The propositions that Sonquist views as constituting middle-range sociological theory and that following Cohen and Nagel express a causal relationship, have the linguistic form: X1...Xn implies Y.  The researcher’s task in Sonquist’s view is to relate the causal proposition to a mathematical functional form, which is statistically estimated, and he concludes that a well specified, statistically estimated mathematical function with a small and random error term, expresses a causal relationship understood as the sufficient condition for an invariant relationship between the dependent or caused variable and the set of independent variables.

In “Computers and the Social Sciences” and “’Retailing’ Computer Resources to Social Scientists” in American Behavioral Scientist (1977) Sonquist and Francis M. Sim discuss the inadequate social organization in universities for the effective utilization of computer resources, especially by social scientists, whom they report are described derisively by other academicians as “the marginal computer users.”  The authors present some arguments for changing the professional rôles and social organization of computing in social science departments.    Hickey maintains that while the authors’ reorganization proposals may offer benefits, the underutilization of computer resources and systems analysis by social scientists cannot be remedied by such measures as academic reorganization, so long as the prevailing philosophy of science is still romanticism.  Reorganizing rôles can do no more for sociology than could reorganizing the deck chairs for the sinking R.M.S. Titanic.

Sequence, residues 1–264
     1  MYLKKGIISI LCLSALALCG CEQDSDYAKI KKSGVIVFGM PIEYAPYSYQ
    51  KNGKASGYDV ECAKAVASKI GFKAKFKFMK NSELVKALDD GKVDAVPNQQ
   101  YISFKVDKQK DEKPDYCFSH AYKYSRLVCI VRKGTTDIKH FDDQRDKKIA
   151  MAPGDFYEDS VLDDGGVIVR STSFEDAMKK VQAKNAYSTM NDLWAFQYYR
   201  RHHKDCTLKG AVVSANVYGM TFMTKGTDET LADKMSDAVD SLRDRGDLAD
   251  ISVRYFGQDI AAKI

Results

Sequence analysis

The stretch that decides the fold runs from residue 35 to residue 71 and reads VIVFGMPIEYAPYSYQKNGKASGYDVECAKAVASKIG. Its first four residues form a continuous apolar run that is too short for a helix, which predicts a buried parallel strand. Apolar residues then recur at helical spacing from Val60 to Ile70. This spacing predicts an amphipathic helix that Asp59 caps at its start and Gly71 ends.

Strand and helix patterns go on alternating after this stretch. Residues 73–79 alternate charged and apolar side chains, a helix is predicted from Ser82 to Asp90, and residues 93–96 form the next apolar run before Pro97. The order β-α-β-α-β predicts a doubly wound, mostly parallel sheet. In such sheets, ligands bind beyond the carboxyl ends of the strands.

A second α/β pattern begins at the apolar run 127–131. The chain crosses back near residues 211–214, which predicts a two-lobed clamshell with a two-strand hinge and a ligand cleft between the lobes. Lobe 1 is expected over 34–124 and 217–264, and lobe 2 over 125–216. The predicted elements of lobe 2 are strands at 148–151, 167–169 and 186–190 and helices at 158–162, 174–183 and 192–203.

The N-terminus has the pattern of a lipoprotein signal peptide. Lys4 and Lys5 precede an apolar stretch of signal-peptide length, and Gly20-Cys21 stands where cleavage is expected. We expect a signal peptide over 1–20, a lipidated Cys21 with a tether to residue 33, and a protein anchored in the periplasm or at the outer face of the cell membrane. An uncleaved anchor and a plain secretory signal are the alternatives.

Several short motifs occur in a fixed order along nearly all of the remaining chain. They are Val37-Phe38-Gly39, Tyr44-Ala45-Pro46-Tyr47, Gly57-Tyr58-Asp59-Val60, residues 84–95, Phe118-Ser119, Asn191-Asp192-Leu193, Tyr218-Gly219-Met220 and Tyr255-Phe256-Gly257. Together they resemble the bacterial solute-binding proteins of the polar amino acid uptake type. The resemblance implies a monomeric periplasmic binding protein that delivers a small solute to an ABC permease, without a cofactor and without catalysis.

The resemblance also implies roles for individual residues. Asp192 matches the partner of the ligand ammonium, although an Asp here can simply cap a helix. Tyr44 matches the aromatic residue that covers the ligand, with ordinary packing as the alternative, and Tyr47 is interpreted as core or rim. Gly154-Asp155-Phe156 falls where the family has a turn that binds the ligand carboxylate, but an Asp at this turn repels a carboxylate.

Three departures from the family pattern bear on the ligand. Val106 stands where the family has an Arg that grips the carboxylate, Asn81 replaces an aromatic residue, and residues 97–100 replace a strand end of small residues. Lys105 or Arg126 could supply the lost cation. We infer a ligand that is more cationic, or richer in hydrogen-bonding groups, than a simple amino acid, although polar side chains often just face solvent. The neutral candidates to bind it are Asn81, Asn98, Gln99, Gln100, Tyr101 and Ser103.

Examination of Sonquist’s writings in their chronological order suggests that, as he had attempted to expand the discovery function of his system, he discovered that he had to move progressively further away from the romanticism prevailing in contemporary academic sociology.   He would have been better served by the contemporary pragmatist philosophy of science, than he had been by disinterring the 1930’s positivist views of Cohen and Nagel.  Both positivism and romanticism give a semantically based definition of “theory” and ontologically based criteria for scientific criticism.  On the pragmatist view “theory” is defined by the pragmatics of language, i.e., by its function, in what Hanson called “research science” as opposed to “catalogue science”.  And the pragmatist realism practiced by Galileo, Einstein and Heisenberg and formulated as “ontological relativity” by Quine, bases every causal claim exclusively on the empirical adequacy of a tested theory.  Discovery systems therefore make causal theories.


Comment and Conclusion

Pragmatism vs. Romanticism

At the opening of the twentieth century the prevailing philosophy of science was positivism with its philosophy of language.  Positivism is based on reflection on Newtonian physics.  The appearances of relativity theory and then quantum theory revised physics, and in due course revised philosophy of science to produce the contemporary pragmatism, which appeared as a critique of positivism.  Contemporary pragmatism also differs fundamentally from romanticism, and ironically for the same reasons: the pragmatist theses of relativized semantics and ontological relativity.  These ideas about language have their origin in Heisenberg’s conversation with Einstein in 1935 and on his own reflections on quantum theory the next year.